client. This has been gone over before, the solution was found
(alsa-server), but no one did it.
Post by Ivica Bukvic
If you really want the JACK to take off, then you should look not only
forwards, but also backwards, and find a relatively viable solution
(even if it is at the expense of the latency) that will work with 1000+
decent apps that have not been ported to JACK framework, thus leaving
the issue of latency for the user to choose.
If latency is a choice for the user (and often it isn't) then they can
pick their sound server. Jack is a no-compromise low-latency server.
Post by Ivica Bukvic
Case and point, I may want to use ardour, but if I take a break and want
to listen to some mp3's on an un-jackified player (such as xmms, for
instance), how user-friendly would it be to have to save session, close
ardour, close jackd, and only then start xmms, and then after 10 minutes
This is unnecessary. I often run xmms and ardour at the same time. Xmms
doesn't talk to Ardour or Jack, but it doesn't interfere either. Of
course, I don't hit play while recording or playing in Ardour.
Post by Ivica Bukvic
Neither will the commercial companies want to touch jackd with a 20-foot
pole if there will be an aura of limited hw it works with (that
automatically limits a pool of people that may potentially purchase an
But companies write for ASIO. Certain software needs a promise of
low-latency.
Post by Ivica Bukvic
That's what is wrong with Jack and that's why you are getting so many
requests to do the obvious. Comments like these only make the situation
worse. Jack should (and does!) allow for higher latency work so that it
can accommodate itself to crappier audio hw.
Everything is about tradeoffs. The important design decision in jack was
to work in lowlatency. Allowing for higher latency would compromise that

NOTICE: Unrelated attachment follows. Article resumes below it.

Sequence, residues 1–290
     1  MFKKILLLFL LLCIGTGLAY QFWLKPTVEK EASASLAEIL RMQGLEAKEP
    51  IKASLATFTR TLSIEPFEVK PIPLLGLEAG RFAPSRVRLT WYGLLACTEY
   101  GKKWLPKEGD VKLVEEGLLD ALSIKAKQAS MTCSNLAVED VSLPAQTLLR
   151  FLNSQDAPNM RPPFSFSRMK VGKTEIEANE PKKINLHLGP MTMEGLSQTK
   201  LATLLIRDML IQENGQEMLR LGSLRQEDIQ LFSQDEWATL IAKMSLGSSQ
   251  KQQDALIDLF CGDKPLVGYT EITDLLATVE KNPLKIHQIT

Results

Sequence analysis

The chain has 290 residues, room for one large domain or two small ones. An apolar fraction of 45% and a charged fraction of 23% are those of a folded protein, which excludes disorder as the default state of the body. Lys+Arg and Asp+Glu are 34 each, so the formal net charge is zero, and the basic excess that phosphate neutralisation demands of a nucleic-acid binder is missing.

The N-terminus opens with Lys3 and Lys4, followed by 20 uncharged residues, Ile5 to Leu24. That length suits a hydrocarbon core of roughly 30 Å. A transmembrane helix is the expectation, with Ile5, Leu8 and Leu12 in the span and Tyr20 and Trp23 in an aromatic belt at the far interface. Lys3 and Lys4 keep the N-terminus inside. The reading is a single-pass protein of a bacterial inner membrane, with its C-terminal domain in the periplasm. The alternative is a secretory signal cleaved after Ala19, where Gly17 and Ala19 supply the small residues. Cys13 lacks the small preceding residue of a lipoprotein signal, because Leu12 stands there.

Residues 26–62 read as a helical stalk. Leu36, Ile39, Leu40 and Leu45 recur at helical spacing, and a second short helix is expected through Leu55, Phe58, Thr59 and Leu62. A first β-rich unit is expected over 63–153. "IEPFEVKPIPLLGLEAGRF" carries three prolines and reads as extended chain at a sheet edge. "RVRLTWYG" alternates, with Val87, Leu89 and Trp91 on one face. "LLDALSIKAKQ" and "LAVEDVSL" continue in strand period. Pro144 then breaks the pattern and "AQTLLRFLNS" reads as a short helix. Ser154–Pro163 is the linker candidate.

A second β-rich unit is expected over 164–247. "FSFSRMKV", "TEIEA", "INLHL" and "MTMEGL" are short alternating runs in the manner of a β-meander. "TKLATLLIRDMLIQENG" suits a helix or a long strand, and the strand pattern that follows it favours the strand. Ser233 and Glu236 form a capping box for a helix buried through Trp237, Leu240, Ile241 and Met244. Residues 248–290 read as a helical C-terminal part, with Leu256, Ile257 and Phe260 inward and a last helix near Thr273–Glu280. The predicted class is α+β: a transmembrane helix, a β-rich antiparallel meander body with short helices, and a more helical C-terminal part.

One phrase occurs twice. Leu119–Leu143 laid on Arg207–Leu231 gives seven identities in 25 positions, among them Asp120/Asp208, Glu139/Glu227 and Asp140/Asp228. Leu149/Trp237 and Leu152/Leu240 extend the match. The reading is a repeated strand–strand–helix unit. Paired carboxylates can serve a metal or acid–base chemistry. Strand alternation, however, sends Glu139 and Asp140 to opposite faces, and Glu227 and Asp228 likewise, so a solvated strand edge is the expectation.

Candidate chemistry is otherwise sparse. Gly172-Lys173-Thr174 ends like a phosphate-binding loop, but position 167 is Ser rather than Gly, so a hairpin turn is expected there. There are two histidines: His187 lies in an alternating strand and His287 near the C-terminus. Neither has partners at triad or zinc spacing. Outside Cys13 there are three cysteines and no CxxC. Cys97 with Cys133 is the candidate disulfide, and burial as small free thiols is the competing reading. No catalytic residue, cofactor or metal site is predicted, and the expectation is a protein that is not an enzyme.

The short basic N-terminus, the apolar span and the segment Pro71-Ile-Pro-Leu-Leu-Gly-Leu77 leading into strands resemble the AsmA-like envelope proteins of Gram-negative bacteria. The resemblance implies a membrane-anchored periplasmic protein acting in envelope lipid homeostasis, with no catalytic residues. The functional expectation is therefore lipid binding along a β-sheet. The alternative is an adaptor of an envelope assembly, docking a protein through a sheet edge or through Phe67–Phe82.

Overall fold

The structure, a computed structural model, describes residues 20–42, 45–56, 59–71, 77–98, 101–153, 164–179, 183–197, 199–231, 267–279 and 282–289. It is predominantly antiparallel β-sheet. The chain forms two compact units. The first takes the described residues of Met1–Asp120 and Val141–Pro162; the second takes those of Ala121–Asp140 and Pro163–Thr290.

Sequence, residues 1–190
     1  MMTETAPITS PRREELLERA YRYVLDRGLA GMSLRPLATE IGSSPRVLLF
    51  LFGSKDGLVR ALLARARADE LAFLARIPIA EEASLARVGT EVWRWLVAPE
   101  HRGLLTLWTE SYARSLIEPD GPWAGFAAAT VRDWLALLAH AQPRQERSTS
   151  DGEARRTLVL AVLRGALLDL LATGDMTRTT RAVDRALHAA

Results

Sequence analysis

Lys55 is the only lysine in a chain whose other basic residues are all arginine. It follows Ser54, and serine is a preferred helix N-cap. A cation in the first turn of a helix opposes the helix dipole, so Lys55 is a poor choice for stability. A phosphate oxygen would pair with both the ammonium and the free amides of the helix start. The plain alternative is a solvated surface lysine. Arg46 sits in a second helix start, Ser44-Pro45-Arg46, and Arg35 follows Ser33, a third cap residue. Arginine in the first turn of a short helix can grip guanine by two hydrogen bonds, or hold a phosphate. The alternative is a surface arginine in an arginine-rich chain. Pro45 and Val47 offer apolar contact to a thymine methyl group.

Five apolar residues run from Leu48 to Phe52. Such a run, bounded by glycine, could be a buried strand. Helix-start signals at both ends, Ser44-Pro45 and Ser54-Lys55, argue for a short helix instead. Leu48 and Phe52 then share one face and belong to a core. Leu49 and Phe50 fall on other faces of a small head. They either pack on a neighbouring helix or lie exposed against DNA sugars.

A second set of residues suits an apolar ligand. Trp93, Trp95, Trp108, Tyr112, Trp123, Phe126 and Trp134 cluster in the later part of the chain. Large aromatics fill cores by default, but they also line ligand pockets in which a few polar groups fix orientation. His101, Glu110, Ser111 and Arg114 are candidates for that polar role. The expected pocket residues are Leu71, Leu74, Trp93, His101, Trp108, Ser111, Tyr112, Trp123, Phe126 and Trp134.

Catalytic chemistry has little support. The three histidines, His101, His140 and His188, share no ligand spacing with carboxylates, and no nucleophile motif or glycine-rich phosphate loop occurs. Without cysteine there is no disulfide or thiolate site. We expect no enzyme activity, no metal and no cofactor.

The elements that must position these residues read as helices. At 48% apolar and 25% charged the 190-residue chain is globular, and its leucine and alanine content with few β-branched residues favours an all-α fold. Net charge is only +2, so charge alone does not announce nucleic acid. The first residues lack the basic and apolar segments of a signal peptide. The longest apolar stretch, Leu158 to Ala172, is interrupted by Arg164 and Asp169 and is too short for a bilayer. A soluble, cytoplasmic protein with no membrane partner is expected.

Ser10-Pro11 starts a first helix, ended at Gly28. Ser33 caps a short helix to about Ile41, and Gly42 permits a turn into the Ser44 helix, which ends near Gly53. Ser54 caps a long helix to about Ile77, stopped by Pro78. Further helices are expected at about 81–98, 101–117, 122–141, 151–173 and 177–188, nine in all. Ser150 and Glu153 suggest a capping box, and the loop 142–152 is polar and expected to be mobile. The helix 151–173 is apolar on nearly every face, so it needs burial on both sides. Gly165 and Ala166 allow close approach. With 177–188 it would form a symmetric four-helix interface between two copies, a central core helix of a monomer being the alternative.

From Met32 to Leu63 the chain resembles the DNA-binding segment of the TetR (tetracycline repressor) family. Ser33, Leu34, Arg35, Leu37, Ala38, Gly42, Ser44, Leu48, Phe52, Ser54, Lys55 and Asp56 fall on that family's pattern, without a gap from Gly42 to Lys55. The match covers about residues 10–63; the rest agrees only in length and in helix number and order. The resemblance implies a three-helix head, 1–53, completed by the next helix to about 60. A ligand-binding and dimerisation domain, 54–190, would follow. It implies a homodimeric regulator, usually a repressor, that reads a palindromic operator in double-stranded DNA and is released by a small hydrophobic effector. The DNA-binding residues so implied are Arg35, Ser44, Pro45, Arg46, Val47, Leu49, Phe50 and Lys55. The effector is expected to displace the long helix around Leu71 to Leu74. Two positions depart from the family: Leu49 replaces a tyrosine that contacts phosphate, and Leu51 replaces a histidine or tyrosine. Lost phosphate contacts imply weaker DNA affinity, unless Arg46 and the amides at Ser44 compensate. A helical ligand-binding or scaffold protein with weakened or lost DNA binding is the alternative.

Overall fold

decision.

And that's almost besides the point. You can have higher latencies. I
often run with a buffer of 8192. Horrible latency. But I never see an
xrun.
Post by Ivica Bukvic
What is yet to be determined is for example why am I getting xruns all
over the place after having jackd run for 10 minutes even at very high
buffer sizes and having it sit idle for most of those 10 minutes?
Well, that really depends on your system. Latency is tricky. Heck,
digidesign only provides support on certain hardware configurations.

You might want to look at PortAudio also, which has jack as an output.

Taybin
--
http://www.piratesvsninjas.com
Kai Vehmanen
2002-10-22 12:01:00 UTC
Permalink
Post by Lea Anthony
Sure, there is probably a lot more but I'm just gathering my thoughts
here. What I'm afraid of is that LAD will end up with the same problems
as most Linux distros suffer from: Bloat. Choice is good, but do I
really need 7 text editors on my system? No. What I believe would
benefit LAD, and correct me if I'm wrong, is to create a 'big picture',
a complete DAW system. It should consist of AN audio editor, AN audio
recorder, A sample editor, etc. Like I said, choice is great but
musicians don't give a hoot about choice, they want something that
works, not 7 things that are half done. If all effort was pushed in this
direction, I believe we would end up with a quality system that the
world would take seriously.
This is something that has been proposed quite a few times here.
Who's the "we" here? I'd say this is something that has to be
done by a volunteer group (think of debian), company (think of redhat) or
a mixture of two. Currently the best example of this concept is Planet
CCRMA.

If this kind of project is succesful, it will motivate individual
development projects to improve their offerings so that their project
get included in the "promo-projects". If a company would do this, it
could allocate resources to those areas of development that are lacking.

Of course, one possibility is that this kind of group is formed
here on linux-audio-dev and linux-audio-user, but you shouldn't
expect too much help from the individual projects. In the end,
the reason why so much (high-quality) development is happening
here is that people are scratching their itches, not because developers
are trying to create a marketable whole. And I think this is
good for all involved. The other option is to have a group
of not-so-motivated developers aiming at a marketable whole... hmm,
sounds awfully lot like traditional commercial development. ;)

But of course, for any kind of promo, or Linux audio interest group,
it would be silly not to participate on linux-audio-{dev,user},
alsa-lists, and other central lists. I think this is why PlanetCCRMA has
been so popular. On the other hand, Demudi and Agnula seem, at least to
me, more like ivory-tower type of projects. They don't have much of
a presence on any of the mentioned lists.

And btw; it's good to note that participants in free/open-sw projects
are not just volunteers and/or enthusiasts. There can also be companies
involved that just want to scratch their itches, and don't have
a huge interest in marketing Linux audio. I think it's good to keep